Wausau, WI, Friday, Feb. 15 – It never gets old watching a grown up tough guy start crying while talking about what it means to represent his country in International fishing competition. If you’ve been around top-flight tournament anglers, you know they’re supremely confident, calm, unflappable. Pressure does not typically get to them.

If anybody on Team USA Ice Fishing embodies this, it’s co-captain Myron Gilbert of Brooklyn, MI. But at lunch after Friday’s final practice session, while being asked what it means to him to step onto the ice tomorrow morning for America, tears filled his eyes.

“When we won the first one (team gold, in 2010),” began Gilbert, “you know, I always looked up to Dave Genz, he’s in the freshwater fishing hall of fame for what he did for ice fishing. He’s been an inspiration to me.”
Genz is on hand and participating in team meetings as well, named as the official ambassador for Team USA.

“We sat, before we entered that tournament in 2010,” continued Gilbert, “and I’ll never forget, Dave pulls out of his pocket, a Silver medal. (Genz fished for Team USA in the ’92 World Championships on Lake Simcoe, near Toronto, at which they won silver.) Gets me worked up thinking about it (tears ran down his cheeks, which he wiped away, and it took him time before he could continue).

“He wanted us to see it, and hold it. I’ve fished my whole life, and won national (ice fishing) championships, and I’m happy about that. Thrilled. But there is nothing – nothing – like standing up there on that podium, national anthem playing for your country, as the winners of the gold medal. There’s nothing, in my whole life, and I’ve accomplished a lot, that does that to me.”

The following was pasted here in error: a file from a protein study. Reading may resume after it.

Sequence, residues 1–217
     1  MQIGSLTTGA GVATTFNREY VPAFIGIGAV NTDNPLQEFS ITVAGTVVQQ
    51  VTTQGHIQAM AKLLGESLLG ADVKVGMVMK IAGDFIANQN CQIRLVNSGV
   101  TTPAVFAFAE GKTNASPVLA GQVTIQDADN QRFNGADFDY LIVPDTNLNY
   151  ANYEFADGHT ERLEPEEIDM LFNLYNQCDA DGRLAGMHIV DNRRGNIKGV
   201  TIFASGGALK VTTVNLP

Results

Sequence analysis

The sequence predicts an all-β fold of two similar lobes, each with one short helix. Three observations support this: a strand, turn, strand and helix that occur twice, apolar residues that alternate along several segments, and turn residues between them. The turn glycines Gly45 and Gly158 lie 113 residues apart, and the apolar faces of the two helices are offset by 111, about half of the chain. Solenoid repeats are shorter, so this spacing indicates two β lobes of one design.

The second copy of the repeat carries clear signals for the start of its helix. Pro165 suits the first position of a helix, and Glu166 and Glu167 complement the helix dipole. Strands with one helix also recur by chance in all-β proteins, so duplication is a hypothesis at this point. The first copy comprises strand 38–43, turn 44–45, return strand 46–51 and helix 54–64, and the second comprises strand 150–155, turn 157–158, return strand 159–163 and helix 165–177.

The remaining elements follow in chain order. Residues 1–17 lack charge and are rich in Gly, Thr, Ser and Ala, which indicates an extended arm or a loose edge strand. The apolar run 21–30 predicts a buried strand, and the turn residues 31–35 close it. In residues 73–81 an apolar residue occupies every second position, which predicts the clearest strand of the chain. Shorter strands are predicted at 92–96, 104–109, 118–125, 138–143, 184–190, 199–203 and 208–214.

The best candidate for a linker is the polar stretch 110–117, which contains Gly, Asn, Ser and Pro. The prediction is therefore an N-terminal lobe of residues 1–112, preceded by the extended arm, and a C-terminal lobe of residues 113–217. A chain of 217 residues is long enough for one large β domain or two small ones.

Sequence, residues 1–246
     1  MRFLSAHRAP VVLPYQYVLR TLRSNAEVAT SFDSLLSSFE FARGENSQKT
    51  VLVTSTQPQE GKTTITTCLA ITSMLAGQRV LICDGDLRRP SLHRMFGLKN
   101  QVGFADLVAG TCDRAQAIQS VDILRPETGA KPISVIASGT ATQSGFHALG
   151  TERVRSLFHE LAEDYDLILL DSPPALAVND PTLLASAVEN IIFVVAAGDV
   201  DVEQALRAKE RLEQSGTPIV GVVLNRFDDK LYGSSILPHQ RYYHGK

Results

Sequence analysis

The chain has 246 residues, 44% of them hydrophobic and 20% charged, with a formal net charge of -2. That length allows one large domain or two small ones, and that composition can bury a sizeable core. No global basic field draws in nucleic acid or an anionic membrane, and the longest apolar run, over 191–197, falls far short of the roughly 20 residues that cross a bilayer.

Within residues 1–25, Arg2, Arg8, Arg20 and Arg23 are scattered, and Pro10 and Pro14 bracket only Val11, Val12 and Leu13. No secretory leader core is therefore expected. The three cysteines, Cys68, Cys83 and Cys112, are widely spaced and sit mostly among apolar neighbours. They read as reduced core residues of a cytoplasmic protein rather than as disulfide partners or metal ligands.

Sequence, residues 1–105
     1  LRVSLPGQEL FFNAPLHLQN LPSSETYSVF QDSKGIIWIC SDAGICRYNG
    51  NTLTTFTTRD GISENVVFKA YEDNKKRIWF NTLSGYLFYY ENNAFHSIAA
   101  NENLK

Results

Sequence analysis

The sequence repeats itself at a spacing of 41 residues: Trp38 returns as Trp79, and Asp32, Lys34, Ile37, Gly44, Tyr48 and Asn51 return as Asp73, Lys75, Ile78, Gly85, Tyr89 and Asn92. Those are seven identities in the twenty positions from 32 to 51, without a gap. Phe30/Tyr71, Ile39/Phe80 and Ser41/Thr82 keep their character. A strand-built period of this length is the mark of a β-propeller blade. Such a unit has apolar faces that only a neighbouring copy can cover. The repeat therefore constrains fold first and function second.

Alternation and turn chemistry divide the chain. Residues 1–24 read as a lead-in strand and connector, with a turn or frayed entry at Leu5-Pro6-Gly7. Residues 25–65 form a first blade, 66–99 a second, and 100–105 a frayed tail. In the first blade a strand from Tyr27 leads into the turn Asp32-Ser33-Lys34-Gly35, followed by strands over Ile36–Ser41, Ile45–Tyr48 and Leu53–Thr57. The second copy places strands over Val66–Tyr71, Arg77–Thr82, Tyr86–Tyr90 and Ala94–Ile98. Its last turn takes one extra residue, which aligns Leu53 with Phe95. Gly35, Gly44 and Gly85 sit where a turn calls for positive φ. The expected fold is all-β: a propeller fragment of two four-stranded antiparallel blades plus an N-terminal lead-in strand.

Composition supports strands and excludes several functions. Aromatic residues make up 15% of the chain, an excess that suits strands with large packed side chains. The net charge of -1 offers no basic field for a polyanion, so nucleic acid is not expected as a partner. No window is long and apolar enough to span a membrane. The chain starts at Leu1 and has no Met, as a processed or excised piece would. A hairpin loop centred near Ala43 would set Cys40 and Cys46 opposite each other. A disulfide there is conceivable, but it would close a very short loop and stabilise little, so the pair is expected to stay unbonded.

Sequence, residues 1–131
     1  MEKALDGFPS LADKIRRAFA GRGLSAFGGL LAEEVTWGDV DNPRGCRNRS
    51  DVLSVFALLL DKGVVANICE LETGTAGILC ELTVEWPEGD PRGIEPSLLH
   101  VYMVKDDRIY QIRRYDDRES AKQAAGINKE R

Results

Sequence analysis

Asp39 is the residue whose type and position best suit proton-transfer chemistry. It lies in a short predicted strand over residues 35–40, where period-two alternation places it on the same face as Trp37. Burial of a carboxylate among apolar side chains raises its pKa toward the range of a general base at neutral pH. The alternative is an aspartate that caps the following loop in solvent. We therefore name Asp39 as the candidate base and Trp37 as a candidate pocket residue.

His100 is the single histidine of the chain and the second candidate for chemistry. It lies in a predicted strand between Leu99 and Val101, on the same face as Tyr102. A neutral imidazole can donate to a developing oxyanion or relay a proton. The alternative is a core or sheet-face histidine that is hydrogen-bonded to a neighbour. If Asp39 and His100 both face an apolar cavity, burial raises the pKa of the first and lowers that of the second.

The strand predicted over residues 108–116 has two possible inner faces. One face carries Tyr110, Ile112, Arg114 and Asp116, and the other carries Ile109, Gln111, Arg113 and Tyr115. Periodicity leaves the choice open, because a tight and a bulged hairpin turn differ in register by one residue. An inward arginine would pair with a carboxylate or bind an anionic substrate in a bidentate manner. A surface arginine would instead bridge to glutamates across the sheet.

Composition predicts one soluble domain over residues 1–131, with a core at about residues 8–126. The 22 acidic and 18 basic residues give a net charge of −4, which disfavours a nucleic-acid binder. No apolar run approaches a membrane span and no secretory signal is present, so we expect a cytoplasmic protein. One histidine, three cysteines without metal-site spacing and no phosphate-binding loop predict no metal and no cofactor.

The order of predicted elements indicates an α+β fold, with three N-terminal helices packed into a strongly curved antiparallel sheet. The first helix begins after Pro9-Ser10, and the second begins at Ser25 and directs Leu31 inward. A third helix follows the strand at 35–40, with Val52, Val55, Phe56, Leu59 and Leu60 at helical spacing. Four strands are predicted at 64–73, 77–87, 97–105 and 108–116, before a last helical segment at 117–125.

In the words of Mike McNett, Team USA Ice Division Director and a former world competitor himself, “pride of country instantly turns on the adrenaline. Each guy goes through his own process, has his own way of preparing himself to compete.”

Once the horn goes and fishing begins at 9 a.m. tomorrow, managing that adrenaline becomes a major key, noted Gilbert.

He told a story on himself, from his first appearance on the world stage in Kazakhstan, where being hyped up almost got the best of him.

“I had four rods pre-rigged and ready to go,” Gilbert remembers, “and in the first half-hour I had three of them all tangled up or busted off. I had to talk to myself, say that ‘you, of all people, know better than this.’ I made myself settle down, and I ended up winning the heat after catching nothing for the first hour and a half.”

After making an appearance at a local Wausau sports show this afternoon, the team will attend a kickoff dinner, then gather for a final night of strategy sessions.